Brain Pickings

Posts Tagged ‘children’s books’

24 JANUARY, 2014

Sir Quentin Blake’s Quirky Illustrated Alphabet Book

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“A is for apples, some green and some red, B is for breakfast we’re having in bed.”

As a lover of unusual alphabet books — including ones by Gertrude Stein, Maurice Sendak, and Edward Gorey — I was delighted to come across a new edition of the 1989 gem Quentin Blake’s ABC (public library) by the great Sir Quentin Blake who, besides being famous for illustrating many of Roald Dahl’s stories and the first Dr. Seuss book not illustrated by Geisel himself, also illustrated Sylvia Plath’s little-known, charming children’s book.

Blake’s quirky watercolor-and-ink drawings and zany verses emanate his irreverent humor, enchanting young readers as much as they tickle grown-up imaginations.

Quentin Blake’s ABC is an absolute treat from A-Z. Complement it with advice to kids on becoming an artist from Blake, Sendak, Carle, and other illustrators.

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20 JANUARY, 2014

I’m Glad I’m a Boy! I’m Glad I’m a Girl!

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“Boys fix things. Girls need things fixed.”

In 1970, when the second wave of feminism was reaching critical mass and women were raising their voices for equality across the “social media” of the day decades before the internet as we know it, when even Pete Seeger was rallying for a gender-neutral pronoun, an odd children’s book titled I’m Glad I’m a Boy!: I’m Glad I’m a Girl! (public library) began appearing in bookstores.

It began innocently enough:

Hmm, okay… (But still.):

And then it straddled the gender-normative continuum between the appalling and the absurd:

At first glance, it appears to be the most sexist book ever printed, made all the worse for the fact that it was aimed at the next generation. In fact, many reviewers at the time took it for just that, and cursory commentary across the web even today treats it as a laughable fossil of a bygone era, handling it with equal parts outraged indignation and how-far-we’ve-come relief.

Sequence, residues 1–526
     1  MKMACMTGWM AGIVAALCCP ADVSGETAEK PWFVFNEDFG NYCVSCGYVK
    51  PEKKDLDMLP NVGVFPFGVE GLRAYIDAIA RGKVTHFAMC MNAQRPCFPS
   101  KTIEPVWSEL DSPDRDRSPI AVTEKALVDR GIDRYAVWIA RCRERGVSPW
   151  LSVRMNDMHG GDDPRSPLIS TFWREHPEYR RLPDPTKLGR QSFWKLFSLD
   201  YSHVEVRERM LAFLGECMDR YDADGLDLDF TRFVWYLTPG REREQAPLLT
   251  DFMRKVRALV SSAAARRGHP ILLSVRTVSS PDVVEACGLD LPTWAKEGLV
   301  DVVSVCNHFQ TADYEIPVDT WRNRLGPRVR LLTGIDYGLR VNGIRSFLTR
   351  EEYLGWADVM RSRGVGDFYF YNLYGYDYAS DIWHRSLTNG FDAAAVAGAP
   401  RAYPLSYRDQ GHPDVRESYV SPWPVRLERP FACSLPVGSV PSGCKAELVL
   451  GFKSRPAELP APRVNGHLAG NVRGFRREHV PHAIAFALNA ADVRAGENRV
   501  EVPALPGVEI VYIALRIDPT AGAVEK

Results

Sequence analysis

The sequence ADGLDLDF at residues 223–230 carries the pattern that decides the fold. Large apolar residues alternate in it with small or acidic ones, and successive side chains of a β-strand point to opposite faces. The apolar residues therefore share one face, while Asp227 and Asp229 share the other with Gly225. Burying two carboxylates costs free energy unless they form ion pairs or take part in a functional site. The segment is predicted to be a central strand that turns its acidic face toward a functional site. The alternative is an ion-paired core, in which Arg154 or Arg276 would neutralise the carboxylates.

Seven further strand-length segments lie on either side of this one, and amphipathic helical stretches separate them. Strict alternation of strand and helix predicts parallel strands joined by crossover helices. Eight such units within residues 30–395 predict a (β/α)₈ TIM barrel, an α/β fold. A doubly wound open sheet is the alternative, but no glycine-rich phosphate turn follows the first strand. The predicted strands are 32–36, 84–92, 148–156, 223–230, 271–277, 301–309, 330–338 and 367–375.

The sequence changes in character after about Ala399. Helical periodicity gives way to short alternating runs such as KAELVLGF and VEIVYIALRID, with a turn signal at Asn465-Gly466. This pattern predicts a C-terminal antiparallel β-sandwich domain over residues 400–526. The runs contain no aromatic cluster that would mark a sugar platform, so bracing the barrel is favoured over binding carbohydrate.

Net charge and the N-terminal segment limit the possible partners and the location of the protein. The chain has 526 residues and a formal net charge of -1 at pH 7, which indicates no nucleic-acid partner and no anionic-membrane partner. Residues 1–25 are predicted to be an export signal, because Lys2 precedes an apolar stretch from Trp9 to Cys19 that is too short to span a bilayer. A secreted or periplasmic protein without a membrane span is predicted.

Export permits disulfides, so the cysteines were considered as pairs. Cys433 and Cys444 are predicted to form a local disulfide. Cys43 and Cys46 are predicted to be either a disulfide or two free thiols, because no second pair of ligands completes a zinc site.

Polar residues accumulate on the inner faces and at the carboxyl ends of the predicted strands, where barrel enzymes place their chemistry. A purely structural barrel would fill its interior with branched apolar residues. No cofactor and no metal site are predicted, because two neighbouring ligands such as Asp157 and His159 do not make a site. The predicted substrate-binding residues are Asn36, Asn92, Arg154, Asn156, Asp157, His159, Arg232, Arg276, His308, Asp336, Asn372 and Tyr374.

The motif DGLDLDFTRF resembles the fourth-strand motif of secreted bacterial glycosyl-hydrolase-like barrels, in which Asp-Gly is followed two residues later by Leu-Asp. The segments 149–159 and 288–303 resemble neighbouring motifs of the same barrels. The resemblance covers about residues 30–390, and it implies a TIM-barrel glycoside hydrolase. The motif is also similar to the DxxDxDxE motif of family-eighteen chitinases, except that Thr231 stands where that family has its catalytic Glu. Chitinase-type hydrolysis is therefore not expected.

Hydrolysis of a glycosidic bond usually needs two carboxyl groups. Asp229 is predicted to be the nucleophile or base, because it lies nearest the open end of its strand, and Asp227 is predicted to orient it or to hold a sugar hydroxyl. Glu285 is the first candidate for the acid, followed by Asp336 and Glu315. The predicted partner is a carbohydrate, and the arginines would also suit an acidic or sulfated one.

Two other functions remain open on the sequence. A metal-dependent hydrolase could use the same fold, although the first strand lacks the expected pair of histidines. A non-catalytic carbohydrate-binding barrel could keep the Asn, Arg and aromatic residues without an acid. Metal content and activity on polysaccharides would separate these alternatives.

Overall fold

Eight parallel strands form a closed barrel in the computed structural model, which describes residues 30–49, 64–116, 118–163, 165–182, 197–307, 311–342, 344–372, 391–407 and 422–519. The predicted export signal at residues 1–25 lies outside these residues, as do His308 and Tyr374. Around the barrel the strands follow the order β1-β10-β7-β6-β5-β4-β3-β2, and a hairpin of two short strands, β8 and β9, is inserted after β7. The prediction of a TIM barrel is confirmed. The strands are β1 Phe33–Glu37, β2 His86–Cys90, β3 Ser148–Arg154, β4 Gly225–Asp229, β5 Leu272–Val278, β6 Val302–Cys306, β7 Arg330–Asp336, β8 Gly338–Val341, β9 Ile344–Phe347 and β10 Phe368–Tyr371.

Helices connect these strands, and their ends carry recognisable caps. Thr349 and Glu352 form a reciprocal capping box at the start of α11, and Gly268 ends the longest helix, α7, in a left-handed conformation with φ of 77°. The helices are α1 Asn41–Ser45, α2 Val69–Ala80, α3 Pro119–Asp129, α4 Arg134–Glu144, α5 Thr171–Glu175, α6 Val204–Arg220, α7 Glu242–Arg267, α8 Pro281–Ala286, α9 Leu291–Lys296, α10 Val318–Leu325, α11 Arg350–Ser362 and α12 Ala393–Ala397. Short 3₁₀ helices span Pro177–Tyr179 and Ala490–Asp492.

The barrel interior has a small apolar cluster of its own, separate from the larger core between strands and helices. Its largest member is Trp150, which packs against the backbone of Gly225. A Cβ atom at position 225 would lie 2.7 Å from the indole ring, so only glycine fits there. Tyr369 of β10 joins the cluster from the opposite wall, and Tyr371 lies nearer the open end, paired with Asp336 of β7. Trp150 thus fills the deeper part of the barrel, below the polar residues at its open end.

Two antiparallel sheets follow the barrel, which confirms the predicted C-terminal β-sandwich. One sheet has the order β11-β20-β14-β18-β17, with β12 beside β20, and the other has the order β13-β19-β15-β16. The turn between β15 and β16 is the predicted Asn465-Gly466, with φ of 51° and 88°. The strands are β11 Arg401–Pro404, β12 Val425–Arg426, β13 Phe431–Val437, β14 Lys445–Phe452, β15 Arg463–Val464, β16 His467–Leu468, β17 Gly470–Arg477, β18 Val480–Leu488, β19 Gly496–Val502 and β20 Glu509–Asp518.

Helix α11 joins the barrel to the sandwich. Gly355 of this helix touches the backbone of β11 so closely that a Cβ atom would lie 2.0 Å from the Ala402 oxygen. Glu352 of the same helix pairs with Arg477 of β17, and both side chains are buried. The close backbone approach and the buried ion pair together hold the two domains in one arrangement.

But what many missed, even in 1970, is that the man who wrote and illustrated the book was Whitney Darrow, Jr., whose father founded Princeton University Press and whose satirical cartoons graced the New Yorker for nearly fifty years between 1933 and 1982. When Darrow died in 1999, a New York Times obituary called him “a witty, gently satiric cartoonist” and “one of the last of the early New Yorker cartoonists,” part of the same milieu as James Thurber, Charles Addams, and Peter Arno.

Which is all to say: It’s highly likely, if not almost certainly the case, that Darrow, a man of keen cultural commentary wrapped in unusual humor, intended the book as satire. It came, after all, at a time when girls were beginning to be rather un-glad to be “girls” in the sense of the word burdened by outdated cultural expectations and boggled in an air of second-class citizenry. It’s entirely possible that Darrow wanted to comment on these outdated gender norms by depicting them in absurd cartoonishness precisely so that their absurdity would shine through.

Of course, we can never be certain, as there is no record of Darrow himself ever discussing his intentions with the book. All we have is speculation — but let’s at least make it of the contextually intelligent kind. Sure, he was born in the first decade of the twentieth century — a time when those absurd gender norms were very much alive and well, a time not too long after it was perfectly acceptable for a wholly non-sarcastic Map of Woman’s Heart to exist and a list of don’ts for female bicyclists could be published in complete seriousness. And he came of age in a culture where those same norms very much mandated the rules of love and gender relations. But that’s perhaps all the more reason for a man who dedicated his creative career to our era’s smartest institution of cultural commentary to poke fun at society’s ebb and flow of values the best way he knew how — through his satirical cartoons.